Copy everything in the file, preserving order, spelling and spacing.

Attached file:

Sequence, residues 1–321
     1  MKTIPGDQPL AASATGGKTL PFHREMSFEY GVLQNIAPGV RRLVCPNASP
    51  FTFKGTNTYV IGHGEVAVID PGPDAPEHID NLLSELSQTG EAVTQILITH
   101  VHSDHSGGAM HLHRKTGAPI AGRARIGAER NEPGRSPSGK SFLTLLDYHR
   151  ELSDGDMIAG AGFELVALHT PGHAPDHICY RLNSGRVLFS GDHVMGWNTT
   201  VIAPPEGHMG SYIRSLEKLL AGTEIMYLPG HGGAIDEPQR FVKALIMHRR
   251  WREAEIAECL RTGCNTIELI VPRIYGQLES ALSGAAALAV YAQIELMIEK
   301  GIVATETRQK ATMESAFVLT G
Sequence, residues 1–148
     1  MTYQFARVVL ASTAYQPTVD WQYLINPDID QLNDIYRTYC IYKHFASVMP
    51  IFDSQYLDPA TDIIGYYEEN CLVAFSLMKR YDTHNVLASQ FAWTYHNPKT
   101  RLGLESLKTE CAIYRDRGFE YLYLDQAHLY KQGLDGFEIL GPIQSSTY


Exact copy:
Sequence, residues 1–321
     1  MKTIPGDQPL AASATGGKTL PFHREMSFEY GVLQNIAPGV RRLVCPNASP
    51  FTFKGTNTYV IGHGEVAVID PGPDAPEHID NLLSELSQTG EAVTQILITH
   101  VHSDHSGGAM HLHRKTGAPI AGRARIGAER NEPGRSPSGK SFLTLLDYHR
   151  ELSDGDMIAG AGFELVALHT PGHAPDHICY RLNSGRVLFS GDHVMGWNTT
   201  VIAPPEGHMG SYIRSLEKLL AGTEIMYLPG HGGAIDEPQR FVKALIMHRR
   251  WREAEIAECL RTGCNTIELI VPRIYGQLES ALSGAAALAV YAQIELMIEK
   301  GIVATETRQK ATMESAFVLT G
Sequence, residues 1–148
     1  MTYQFARVVL ASTAYQPTVD WQYLINPDID QLNDIYRTYC IYKHFASVMP
    51  IFDSQYLDPA TDIIGYYEEN CLVAFSLMKR YDTHNVLASQ FAWTYHNPKT
   101  RLGLESLKTE CAIYRDRGFE YLYLDQAHLY KQGLDGFEIL GPIQSSTY